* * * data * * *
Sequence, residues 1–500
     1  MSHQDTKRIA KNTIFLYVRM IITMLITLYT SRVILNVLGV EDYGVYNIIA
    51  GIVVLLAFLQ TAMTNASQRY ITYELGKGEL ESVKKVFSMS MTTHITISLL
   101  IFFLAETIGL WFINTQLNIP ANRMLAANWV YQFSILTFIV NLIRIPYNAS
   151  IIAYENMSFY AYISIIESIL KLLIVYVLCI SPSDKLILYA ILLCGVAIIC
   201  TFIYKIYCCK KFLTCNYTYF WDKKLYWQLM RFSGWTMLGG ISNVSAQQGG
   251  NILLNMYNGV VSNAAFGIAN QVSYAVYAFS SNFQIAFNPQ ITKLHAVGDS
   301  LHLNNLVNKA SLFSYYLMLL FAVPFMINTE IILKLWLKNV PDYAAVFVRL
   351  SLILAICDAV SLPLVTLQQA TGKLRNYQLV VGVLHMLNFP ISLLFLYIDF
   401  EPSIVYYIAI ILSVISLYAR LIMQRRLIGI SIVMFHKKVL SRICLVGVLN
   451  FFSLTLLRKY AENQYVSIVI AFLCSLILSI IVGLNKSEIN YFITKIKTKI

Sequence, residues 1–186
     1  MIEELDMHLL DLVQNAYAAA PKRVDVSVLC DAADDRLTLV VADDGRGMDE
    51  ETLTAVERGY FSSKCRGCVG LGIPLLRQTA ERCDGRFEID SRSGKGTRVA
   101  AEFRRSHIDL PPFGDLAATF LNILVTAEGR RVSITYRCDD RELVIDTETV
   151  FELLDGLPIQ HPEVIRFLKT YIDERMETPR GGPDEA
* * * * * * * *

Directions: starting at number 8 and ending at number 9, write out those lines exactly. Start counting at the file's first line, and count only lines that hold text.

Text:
   301  LHLNNLVNKA SLFSYYLMLL FAVPFMINTE IILKLWLKNV PDYAAVFVRL
   351  SLILAICDAV SLPLVTLQQA TGKLRNYQLV VGVLHMLNFP ISLLFLYIDF